If local government budgets truly reflect the values of the communities they serve, we believe San Jose’s budget should prioritize our public libraries.
As we continue to navigate an unpredictable pandemic, it is critical that the San Jose Public Library has the resources it needs to serve our most vulnerable neighbors and build a more equitable, educated and engaged community. Any reductions in library programs and services would only exacerbate the digital divide in our city, which existed before COVID-19 and will continue to persist after it—unless we invest in solutions now.
Our combined decades of experience as leaders in Silicon Valley’s education and technology ecosystems have taught us that libraries are an essential component of a healthy society. They offer a space for community members to meet and interact. They provide educational programs that benefit students of all ages, including homework clubs, digital literacy and other resources. And they help people find jobs through reliable access to the internet, career counseling and computer skills training.
The San Jose Public Library is the backbone of the city’s education and digital literacy strategy, which became even more vital during the pandemic as tens of thousands of our students and families struggled with distance learning, unemployment and financial hardship.
According to recent studies, approximately 95,000 San Jose residents lack reliable access to the internet, and at least 23,000 working-age adults have lost their jobs and lack the connectivity and/or computer skills to seek a new job, sign up for safety net services or continue their education.
The deficit is most pronounced in East San Jose, where Alum Rock Union Elementary School District serves a student population of which 81% are eligible for free or reduced-price meals, 78% identify as Hispanic or Latinx and nearly 40% are English learners. Without our public libraries, many of these students would not be able to access opportunities they need to thrive in their academic journeys.
SJ Access and other digital inclusion programs based at the library—such as Coding5K, Career Online High School, SJPL Works and the recently launched SJ Aspires—provide multilingual workshops, technology devices, dedicated staff and financial assistance to learners and families in the most underserved neighborhoods throughout our city.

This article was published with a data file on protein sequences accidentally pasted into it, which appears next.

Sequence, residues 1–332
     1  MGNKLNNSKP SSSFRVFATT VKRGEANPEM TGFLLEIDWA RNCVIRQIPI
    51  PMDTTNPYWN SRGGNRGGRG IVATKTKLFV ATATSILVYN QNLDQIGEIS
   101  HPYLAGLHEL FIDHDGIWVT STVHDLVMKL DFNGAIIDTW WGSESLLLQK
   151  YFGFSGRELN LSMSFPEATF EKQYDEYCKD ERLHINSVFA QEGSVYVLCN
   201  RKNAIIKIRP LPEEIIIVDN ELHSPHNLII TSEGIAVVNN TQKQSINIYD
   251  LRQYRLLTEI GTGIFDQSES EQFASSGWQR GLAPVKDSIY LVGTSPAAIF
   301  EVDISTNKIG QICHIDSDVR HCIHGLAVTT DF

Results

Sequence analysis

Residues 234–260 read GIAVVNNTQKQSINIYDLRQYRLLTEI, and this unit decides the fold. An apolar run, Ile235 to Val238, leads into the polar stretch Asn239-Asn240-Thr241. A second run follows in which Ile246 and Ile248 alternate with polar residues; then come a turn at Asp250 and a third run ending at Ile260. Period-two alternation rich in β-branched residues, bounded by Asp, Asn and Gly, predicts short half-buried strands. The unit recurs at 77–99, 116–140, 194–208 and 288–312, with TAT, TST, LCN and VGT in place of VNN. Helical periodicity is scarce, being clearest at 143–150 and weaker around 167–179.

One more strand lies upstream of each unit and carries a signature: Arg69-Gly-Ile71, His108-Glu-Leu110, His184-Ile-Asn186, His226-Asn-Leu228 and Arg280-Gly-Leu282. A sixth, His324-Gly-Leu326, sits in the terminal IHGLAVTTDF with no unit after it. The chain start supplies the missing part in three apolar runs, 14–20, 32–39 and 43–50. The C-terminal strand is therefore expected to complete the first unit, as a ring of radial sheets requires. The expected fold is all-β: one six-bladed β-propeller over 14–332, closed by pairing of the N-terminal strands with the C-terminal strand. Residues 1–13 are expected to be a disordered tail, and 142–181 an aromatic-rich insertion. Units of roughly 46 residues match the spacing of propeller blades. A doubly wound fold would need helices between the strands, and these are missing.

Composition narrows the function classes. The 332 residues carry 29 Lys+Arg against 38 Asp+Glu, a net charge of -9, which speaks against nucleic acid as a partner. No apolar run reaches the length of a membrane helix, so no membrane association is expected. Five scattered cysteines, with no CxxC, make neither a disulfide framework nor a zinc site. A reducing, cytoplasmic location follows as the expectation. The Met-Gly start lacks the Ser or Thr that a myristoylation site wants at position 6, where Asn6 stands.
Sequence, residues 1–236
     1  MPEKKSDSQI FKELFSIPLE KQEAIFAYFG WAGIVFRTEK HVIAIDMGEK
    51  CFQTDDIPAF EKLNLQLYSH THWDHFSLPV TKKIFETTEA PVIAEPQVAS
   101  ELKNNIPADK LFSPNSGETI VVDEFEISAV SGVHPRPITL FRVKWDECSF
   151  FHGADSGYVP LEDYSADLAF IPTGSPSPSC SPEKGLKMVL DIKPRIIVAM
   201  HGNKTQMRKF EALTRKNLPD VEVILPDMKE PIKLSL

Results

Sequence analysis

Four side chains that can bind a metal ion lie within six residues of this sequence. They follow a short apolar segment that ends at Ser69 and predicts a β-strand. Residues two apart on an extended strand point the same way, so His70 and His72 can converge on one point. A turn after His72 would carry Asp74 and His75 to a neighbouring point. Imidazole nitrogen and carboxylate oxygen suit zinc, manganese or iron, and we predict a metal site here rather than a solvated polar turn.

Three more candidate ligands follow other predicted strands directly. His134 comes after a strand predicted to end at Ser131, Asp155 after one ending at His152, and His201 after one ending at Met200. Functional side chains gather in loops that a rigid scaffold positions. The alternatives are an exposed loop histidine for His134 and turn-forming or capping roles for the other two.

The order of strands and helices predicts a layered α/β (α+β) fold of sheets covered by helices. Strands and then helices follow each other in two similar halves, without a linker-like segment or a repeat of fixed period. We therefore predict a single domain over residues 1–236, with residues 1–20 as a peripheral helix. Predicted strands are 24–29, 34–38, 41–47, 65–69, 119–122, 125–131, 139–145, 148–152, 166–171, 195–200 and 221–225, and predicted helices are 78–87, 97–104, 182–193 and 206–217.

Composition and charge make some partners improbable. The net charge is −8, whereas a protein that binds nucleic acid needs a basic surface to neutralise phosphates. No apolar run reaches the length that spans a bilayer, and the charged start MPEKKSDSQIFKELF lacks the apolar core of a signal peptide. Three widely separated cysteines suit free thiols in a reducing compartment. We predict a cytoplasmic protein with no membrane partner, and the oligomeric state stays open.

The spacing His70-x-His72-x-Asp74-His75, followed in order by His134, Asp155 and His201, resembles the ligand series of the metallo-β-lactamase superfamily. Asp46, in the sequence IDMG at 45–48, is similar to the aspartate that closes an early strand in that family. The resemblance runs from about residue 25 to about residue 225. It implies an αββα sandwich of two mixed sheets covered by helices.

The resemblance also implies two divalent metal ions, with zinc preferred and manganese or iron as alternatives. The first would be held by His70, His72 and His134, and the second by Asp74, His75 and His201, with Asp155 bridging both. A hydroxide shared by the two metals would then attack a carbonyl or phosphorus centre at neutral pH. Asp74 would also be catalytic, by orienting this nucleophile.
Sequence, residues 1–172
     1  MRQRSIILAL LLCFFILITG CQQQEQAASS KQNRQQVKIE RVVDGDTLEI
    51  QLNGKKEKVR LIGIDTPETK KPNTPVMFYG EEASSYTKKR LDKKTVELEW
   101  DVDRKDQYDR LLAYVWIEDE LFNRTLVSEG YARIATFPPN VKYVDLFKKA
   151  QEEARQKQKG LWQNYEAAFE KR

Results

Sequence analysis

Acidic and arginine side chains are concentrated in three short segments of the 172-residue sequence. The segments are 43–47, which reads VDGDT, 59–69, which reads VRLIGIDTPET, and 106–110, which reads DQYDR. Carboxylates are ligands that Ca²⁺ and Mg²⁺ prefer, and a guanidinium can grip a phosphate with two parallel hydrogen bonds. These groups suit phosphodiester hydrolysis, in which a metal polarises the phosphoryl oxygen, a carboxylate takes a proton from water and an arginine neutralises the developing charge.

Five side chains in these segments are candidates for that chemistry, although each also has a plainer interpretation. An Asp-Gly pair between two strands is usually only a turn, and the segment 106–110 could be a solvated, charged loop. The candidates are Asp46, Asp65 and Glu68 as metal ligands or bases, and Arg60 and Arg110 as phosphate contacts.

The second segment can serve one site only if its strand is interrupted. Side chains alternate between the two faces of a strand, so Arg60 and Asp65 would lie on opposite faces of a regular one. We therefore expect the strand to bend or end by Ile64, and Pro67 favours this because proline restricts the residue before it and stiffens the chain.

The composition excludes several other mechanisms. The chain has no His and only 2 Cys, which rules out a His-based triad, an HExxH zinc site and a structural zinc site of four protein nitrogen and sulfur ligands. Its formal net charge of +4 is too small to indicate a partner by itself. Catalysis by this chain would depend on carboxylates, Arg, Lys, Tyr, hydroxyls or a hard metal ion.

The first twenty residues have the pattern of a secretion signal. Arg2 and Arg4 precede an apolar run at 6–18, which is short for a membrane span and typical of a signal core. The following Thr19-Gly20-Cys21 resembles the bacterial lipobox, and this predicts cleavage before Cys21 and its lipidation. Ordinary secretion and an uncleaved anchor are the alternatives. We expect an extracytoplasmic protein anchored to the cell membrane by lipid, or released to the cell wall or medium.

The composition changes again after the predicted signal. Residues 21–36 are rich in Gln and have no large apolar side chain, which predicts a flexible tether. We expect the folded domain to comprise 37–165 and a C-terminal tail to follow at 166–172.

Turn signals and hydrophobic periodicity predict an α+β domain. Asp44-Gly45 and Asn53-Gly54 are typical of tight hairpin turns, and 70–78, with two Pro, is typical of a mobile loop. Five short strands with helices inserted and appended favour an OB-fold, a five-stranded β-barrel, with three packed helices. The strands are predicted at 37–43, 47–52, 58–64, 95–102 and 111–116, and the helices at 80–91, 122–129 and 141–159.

Over the past year, SJ Access provided more than 15,000 mobile WiFi hotspots to students and library members, and a donation drive in partnership with the San Jose Public Library Foundation collected 687 laptops and other devices for families in need.
Meanwhile, the Coding5K Challenge moved entirely online as branches were forced to close due to shelter in place orders, with 4,478 youth as young as five years old participating in 248 coding courses and summer camps.
Additionally, the library’s Career Online High School program awarded diplomas and career certificates to 114 adult learners to help advance their education and earning power. Two hundred and twenty one individuals received career or business assistance from SJPL Works. And the SJ Aspires program provides counseling, mentorship and scholarships to nearly 700 San José high school students, including the entire ninth grade class at W.C. Overfelt High, where many Alum Rock Union Elementary School District students enroll after middle school.
These library programs—and many more—are essential to San Jose’s educational and economic recovery from COVID-19 and place us at the forefront of national efforts to improve digital literacy, equity and inclusion. Yet current city budget proposals still include cuts to library service hours.
We call on city leaders to fully fund our library in order to ensure an equity of opportunity for all of our residents.
Dr. Hilaria Bauer is superintendent of the Alum Rock Union Elementary School District. Erica Fensom sits on the San Jose Public Library Foundation Board of Directors.
Leave a Reply